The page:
Facebook-backed Diem Association has announced the sale of its crypto venture for $182 million. After working for around three years on the project, the company will be selling its assets to Silvergate Capital Corporation.
In mid-2019, Facebook founder Mark Zuckerberg had launched the venture under the name of Libra. Although the company is a separate organization, Facebook funded the project officially. Soon after the project’s launch, Libra had to face continuous opposition from several policymakers.
Diem officials have said that the company was not in a position to move forward with the “dialogue with federal regulators.”
In the media statement, Stuart Levey, Diem chief executive, stated, “Despite giving us positive substantive feedback on the design of the network, it nevertheless became clear from our dialogue with federal regulators that the project could not move ahead.” He then added, “As a result, the best path forward was to sell the Diem Group’s assets, as we have done today to Silvergate.”
Facebook had ventured into stable coin through Diem. It aimed to resolve the highly volatile nature of cryptocurrencies. The company wanted to set its value linked to reducing volatility and bringing more stability similar to other assets and currencies.
Although it was a rebellious venture, surprisingly, it is not the reason for the company’s sell-off. The political interruptions and opposition became a major hurdle in completing the project. Policymakers had raised concerns regarding money laundering and the illicit use of stablecoin.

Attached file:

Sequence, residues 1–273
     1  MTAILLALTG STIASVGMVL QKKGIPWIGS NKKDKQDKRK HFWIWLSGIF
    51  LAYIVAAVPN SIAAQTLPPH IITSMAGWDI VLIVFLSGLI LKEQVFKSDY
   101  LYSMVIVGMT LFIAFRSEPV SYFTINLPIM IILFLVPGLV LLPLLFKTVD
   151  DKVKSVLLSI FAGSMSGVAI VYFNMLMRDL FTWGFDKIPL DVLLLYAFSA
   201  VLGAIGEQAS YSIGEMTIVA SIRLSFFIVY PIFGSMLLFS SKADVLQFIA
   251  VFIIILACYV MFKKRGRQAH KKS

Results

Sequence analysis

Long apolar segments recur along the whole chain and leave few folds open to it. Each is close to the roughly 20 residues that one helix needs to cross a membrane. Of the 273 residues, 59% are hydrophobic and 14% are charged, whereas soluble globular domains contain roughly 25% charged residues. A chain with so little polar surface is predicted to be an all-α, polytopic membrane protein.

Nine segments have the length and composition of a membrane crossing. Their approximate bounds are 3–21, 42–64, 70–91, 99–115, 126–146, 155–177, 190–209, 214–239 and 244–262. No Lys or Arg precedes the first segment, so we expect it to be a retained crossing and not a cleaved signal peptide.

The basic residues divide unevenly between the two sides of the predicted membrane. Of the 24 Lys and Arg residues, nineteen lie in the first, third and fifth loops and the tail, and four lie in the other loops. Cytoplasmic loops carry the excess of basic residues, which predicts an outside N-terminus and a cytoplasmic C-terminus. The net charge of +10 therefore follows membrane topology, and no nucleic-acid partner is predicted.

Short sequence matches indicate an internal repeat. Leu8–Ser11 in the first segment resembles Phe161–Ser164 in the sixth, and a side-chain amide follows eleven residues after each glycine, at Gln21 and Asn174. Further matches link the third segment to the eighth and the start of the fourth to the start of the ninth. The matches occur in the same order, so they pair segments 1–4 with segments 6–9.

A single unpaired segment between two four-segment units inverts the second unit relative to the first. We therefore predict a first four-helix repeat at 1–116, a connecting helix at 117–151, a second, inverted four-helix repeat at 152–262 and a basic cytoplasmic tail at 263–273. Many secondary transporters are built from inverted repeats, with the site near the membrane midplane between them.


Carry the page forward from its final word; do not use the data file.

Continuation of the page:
In the 2019 hearing, Mark Zuckerberg had stated, “I believe that this is something that needs to get built, but I get that I’m not the ideal messenger for this right now.”
Libra had almost completed its work on stablecoin and was supposed to launch the stablecoin in Jan 2021. However, the project was interrupted several times by regulators and lawmakers worldwide. Consequently, the project had to face pushed launch dates and several delays.
Diem CEO Stuart Levey had made statements defending his company’s intentions and work. According to him, the purpose and work of stablecoin was to reduce “industry-leading controls” and “protect consumers” since the company intended to minimize the risks involved. He spoke out against the U.S. policymakers, blaming them for its closure.
Facebook’s Diem venture has come to an end, however, its crypto wallet, Novi, is still running smoothly on the pilot project of Pax Dollar stablecoin. It is unclear how Novi’s road will look in the future.
“We hope that the Association’s sale of their assets to @silvergatebank will allow the project’s vision to live on. Because we still believe in the shared financial inclusion mission,” Stephane Kasriel, Meta’s head of Novi, tweeted.